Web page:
The Office of Inspector General recently completed a compliance audit of the Federal Election Commission's enforcement of the Freedom of Information Act (FOIA). The audit covered Calendar Year 1994. The objective of our audit was to determine if the Federal Election Commission (FEC) was in compliance with key administrative provisions of the Freedom Of Information Act.
This compliance audit was designed to provide reasonable assurance about compliance with FOIA. In complying with Government auditing standards, we obtained an understanding of management controls relevant to this audit. Management is responsible for establishing effective controls. Controls over compliance with laws and regulations include policies and procedures that management has implemented to reasonably ensure that resource use is consistent with laws and regulations. Key administrative procedures include the following:
(1) notifying the requester within ten (10) work days of the agency decision to provide, or not provide, the information.
(2) searching for, retrieving documents.
(3) reviewing documents to determine whether they should be released or denied under the nine (9) specific FOIA exemptions.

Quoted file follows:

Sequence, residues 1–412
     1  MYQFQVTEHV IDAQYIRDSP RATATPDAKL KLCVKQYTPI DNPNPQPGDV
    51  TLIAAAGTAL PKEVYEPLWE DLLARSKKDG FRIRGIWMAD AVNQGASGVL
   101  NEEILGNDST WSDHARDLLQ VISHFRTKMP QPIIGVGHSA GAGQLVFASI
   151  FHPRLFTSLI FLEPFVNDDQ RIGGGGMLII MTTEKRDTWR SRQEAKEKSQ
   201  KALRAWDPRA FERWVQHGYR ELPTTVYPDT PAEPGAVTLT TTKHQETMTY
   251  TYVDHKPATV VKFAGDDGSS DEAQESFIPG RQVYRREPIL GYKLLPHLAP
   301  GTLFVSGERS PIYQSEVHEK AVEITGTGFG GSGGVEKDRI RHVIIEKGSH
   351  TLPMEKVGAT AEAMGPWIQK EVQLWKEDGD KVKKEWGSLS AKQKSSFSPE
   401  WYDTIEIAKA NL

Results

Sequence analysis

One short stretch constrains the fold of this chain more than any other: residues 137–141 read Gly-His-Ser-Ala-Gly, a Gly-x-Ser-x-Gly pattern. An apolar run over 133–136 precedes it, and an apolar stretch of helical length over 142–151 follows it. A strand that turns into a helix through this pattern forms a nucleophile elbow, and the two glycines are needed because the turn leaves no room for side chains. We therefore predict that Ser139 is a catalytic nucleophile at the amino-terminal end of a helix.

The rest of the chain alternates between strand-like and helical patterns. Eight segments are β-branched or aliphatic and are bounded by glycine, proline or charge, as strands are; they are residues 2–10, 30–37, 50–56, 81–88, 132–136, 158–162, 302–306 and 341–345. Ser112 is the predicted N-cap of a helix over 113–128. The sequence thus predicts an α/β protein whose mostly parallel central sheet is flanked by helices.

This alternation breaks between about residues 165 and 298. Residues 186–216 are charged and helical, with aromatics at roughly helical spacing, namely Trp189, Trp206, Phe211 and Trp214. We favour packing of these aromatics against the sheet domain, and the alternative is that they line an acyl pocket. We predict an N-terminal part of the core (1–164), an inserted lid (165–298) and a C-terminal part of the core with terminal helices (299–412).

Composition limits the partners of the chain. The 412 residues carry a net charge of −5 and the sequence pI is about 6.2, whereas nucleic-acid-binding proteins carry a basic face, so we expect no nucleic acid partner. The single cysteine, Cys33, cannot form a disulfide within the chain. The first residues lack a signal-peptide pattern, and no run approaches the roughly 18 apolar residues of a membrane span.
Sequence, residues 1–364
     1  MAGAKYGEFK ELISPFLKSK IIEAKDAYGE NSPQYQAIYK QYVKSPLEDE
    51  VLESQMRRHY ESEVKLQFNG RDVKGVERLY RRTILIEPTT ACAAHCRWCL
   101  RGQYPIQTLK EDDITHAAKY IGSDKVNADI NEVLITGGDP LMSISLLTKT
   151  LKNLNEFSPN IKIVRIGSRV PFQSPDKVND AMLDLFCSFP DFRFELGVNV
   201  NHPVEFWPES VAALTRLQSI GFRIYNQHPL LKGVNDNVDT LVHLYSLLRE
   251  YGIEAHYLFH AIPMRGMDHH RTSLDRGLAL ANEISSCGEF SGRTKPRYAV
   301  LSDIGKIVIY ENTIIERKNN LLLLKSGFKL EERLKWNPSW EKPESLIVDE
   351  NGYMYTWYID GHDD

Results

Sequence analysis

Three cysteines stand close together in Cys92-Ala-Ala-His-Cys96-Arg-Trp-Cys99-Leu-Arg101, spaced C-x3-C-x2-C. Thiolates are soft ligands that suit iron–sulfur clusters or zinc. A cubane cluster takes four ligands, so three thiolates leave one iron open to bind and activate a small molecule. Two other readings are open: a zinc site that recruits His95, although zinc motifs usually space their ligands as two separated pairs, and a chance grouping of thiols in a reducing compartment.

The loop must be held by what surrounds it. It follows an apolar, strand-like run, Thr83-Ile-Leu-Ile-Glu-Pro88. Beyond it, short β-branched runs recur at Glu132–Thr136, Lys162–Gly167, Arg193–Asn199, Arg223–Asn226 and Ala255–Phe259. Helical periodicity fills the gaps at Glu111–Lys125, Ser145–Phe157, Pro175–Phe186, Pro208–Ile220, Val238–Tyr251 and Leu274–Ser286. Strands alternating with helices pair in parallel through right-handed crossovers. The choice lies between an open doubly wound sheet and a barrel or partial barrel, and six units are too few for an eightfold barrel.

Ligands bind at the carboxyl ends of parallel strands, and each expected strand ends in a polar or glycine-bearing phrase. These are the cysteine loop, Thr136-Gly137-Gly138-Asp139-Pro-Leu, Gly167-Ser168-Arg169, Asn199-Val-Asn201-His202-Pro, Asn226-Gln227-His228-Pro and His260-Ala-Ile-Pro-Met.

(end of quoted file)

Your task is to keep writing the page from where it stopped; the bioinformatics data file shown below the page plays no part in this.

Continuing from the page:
The FOIA, as amended in 1976, provides the basic authority and procedures for the public to obtain documents from the executive branch of the federal government. The Act states that agencies are to determine within ten (10) working days after receipt of a FOIA request whether to comply and then are to immediately notify the requester of their decision. A FOIA request is a request made by the public, in writing, for non-exempt government records/information which have not already been made public.
The Act also provides that an agency can grant itself an extension of up to ten (10) working days in particular circumstances. When a requester has not received the agency's decision within these time limits, the requester may seek legal action through a federal district court. According to the Act, "if the government can show exceptional circumstances exist and that the agency is exercising due diligence in responding to the request," the court may allow the agency additional time to complete its review of the request.
In order to determine compliance with the Act we reviewed the overall structure in place to implement the Act and the current indexes identifying available information. Additionally, we reviewed the adequacy of administrative procedures in place to process requests and the reliability and accuracy of statistics reported in the annual report to Congress and the FEC Annual Report for CY 1994.
Our compliance audit found that a structure is in place to implement the Act and identifying information indexes were made available. However, we are making recommendations to strengthen compliance with administrative procedures and reporting requirements. The following summarizes the findings and recommendations, management's response to the findings and the OIG conclusions. A more detailed discussion of each finding, including criteria, is contained in the report narrative.